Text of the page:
Last month when Sony gave us a tease that they were in fact working on PSVR 2, a lot of people, including myself, got really excited. From the patents that were released, you could tell there were some much-welcomed additions that could be headed our way. One of those additions would be the controllers and it looks like they will not disappoint by bringing a new way to tap into the sense of touch to the innovation of VR gaming. One thing that has been missing for PlayStation VR is thumbsticks for movement. Yes, the current PlayStation Move controllers can do the movement, but most of the time it’s either using the Move button for movement and using one of the other buttons for turning. Again, it works, but not as natural as some might be used to with the traditional controller or from what PCVR and the Oculus Quest platform have been used to since day one. So the thumbsticks are coming to PSVR 2. Next, the trigger buttons on the actual controllers are well placed and will have that natural feeling with them. Also, notice the buttons right where your middle fingers will be. Then you also have the circular shape design. This will allow not only the freedom of movement but for the creativity of development as well.
But it also looks like Sony has brought some of the amazing features of the DualSense controller of the PS5 and some features from other headsets like the Oculus Quest, Quest 2, Rift/S, and others into the new PSVR 2 controllers such as:
- Adaptive triggers: Each VR controller (Left and Right) includes an adaptive trigger button that adds palpable tension when pressed, similar to what’s found in the DualSense controller. If you’ve played a PS5 game, you’ll be familiar with the tension in the L2 or R2 buttons when you press them, such as when you’re drawing your bow to fire an arrow. When you take that kind of mechanic and apply it to VR, the experience is amplified to the next level.
- Haptic feedback: The new controller will have haptic feedback optimized for its form factor, making every sensation in the game world more impactful, textured, and nuanced. When you’re traversing through a rocky desert or trading blows in melee combat, you’ll feel the difference, magnifying the extraordinary visual and audio experience that’s so central to VR.
- Finger touch detection: The controller can detect your fingers without any pressing in the areas where you place your thumb, index, or middle fingers. This enables you to make more natural gestures with your hands during gameplay.
- Tracking: The VR controller is tracked by the new VR headset through a tracking ring across the bottom of the controller.
- Action buttons/analog sticks: The Left controller contains one analog stick, the triangle, and square buttons, a “grip” button (L1), trigger button (L2), and Create button. The Right controller contains one analog stick, the cross and circle buttons, a “grip” button (R1), trigger button (R2), and Options button. The “grip” button can be used to pick up in-game objects, as one example.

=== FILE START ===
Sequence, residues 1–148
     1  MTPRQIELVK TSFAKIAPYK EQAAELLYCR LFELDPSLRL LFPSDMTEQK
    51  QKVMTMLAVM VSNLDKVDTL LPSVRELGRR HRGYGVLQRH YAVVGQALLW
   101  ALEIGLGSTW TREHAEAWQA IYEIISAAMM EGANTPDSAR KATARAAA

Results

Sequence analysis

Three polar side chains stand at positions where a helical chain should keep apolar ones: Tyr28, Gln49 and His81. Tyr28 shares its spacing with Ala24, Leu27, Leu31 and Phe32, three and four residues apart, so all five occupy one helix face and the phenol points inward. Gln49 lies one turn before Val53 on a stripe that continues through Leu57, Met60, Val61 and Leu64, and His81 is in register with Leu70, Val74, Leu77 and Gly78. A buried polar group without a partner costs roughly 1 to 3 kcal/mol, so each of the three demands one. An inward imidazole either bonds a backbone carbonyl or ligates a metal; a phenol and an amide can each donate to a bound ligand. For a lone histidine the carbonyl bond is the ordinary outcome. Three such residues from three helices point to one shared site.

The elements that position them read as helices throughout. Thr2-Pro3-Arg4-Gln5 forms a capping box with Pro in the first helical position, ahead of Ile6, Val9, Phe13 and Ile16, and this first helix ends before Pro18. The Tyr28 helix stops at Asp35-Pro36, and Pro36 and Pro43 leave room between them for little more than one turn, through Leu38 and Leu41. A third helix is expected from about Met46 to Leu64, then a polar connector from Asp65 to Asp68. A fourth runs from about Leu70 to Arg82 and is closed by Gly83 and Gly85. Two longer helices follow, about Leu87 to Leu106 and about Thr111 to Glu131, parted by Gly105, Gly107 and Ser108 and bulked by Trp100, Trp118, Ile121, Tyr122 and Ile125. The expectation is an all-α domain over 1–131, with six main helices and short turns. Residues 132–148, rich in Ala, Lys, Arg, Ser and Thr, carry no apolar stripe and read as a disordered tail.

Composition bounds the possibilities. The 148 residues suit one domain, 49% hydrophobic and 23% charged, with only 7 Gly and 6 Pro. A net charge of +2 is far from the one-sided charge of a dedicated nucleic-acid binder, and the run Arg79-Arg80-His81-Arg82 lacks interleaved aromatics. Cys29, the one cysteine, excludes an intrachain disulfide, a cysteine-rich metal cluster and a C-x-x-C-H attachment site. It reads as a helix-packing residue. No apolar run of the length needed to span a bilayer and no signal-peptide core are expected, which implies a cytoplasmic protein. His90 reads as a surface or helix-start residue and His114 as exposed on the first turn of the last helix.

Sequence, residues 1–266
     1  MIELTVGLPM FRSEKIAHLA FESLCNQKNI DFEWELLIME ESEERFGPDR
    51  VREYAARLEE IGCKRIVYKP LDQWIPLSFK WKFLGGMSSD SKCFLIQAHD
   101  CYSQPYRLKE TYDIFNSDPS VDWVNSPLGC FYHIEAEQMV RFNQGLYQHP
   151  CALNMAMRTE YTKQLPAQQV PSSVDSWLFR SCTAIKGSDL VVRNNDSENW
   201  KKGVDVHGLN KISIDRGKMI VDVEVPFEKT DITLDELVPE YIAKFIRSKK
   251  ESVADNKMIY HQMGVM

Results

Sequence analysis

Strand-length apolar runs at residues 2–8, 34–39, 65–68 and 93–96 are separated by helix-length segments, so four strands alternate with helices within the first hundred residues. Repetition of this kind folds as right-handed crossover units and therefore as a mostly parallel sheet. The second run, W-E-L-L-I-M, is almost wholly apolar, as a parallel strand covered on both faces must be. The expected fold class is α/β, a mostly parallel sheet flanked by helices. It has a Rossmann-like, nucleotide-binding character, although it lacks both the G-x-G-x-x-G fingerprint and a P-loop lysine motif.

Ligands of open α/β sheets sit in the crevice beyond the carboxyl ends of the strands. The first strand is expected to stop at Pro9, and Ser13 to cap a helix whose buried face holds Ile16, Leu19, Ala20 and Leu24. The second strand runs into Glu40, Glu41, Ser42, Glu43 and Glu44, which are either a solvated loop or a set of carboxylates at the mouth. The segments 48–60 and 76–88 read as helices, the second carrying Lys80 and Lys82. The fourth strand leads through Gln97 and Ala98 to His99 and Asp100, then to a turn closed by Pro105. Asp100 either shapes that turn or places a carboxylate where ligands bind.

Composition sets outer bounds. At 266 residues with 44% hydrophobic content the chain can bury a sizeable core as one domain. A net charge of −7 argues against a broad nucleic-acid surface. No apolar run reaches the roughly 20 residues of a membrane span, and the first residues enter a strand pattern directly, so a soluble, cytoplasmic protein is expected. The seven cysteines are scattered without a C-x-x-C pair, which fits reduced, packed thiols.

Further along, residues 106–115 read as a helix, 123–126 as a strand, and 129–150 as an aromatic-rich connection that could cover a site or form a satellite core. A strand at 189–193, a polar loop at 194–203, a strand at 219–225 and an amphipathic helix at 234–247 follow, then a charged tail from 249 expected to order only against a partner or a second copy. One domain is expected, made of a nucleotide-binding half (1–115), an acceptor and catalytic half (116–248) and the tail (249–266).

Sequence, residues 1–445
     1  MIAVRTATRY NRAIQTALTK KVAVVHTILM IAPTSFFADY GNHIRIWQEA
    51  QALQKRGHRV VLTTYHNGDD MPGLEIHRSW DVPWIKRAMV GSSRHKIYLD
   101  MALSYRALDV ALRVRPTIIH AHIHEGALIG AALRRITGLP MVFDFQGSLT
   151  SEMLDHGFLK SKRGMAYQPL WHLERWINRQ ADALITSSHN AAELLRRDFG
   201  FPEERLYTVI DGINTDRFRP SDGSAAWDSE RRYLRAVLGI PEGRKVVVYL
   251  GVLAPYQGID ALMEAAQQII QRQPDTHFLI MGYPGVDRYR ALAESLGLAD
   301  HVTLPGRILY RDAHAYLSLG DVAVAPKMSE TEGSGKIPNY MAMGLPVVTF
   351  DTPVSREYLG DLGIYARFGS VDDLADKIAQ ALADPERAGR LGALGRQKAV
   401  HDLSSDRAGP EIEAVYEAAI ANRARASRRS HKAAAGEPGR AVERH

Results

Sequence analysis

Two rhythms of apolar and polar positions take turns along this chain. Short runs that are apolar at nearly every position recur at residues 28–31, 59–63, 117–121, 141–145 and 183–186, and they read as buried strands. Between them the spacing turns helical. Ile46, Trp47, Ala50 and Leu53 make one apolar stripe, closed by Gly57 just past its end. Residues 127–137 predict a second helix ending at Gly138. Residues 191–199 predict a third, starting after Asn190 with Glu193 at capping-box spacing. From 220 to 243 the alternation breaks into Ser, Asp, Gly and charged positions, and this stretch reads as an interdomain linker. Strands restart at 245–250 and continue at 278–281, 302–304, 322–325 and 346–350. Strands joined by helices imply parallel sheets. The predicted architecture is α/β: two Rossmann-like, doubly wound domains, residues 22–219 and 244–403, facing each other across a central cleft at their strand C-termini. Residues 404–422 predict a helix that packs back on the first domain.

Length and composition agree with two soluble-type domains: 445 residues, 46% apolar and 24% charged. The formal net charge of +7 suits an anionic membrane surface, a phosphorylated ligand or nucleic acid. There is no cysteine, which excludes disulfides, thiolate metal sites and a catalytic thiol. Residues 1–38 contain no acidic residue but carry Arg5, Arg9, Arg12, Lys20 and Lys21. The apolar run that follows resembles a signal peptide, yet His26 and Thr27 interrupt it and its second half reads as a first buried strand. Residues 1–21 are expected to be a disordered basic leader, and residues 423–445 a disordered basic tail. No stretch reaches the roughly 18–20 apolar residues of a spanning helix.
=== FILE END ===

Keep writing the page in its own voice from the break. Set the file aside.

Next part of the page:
But let’s look at the features a little bit more. The Adaptive Triggers are going to be awesome. Think of games like Farpoint, Doom, Blood & Truth just to name a few and when you can fire off shots and be able to feel them in the triggers, it’s going to help elevate the game. Haptic feedback is going to add to the experience by being able to feel swinging your sword in Until You Fall or in battles like in Star Wars Squadrons, for example, being able to feel the sense of the action is going to be very good for VR. Now, finger touch detection is not new to VR but will be for PlayStation VR. I know when you play on the Oculus Rift/S and Oculus Quest/Quest 2, being able to move your fingers under the thumbstick, does have a more natural gesture when playing, so this will be a nice addition as well. Then with the action buttons and the analog sticks will be one of the nicest and probably most anticipated features for the PSVR 2. Being able to pick things up in a more natural feeling for VR, again, thank you Sony, thank you.
But let’s talk about the tracking that is mentioned. The new PSVR 2 controllers are tracked by the new VR headset through a tracking ring at the bottom of the controller. To me, it almost seems like the PSVR 2 will either have a cable that will go the PS5 or possible might be able to be both wired and wireless. The Rift S is wired, but has 5 cameras at the top, sides, and in front of the headsetlike how the Oculus Quest/Quest 2 have 4 corner cameras to track the action of the controllers as well.
Will the PSVR 2 just be wired, is there a possibility of it being wireless or could it do both? Time will only tell to see what Sony really has in store. But imagine if you could play wired and that in fact, also charges the headset so that you could take with you to a different room and continue and be able to have a type of remote play as long as the PSVR 2 and PS5 were on the same network or even work the way the Oculus Quest does. At this point, with the patents that Sony has put out, I will not be surprised when it finally is revealed. I for one am looking forward to what the PSVR 2 headset will look like (if the controllers are anything to go by, the headset will probably be all black or have some white PS5 color scheme going for it), the cost, and the release date.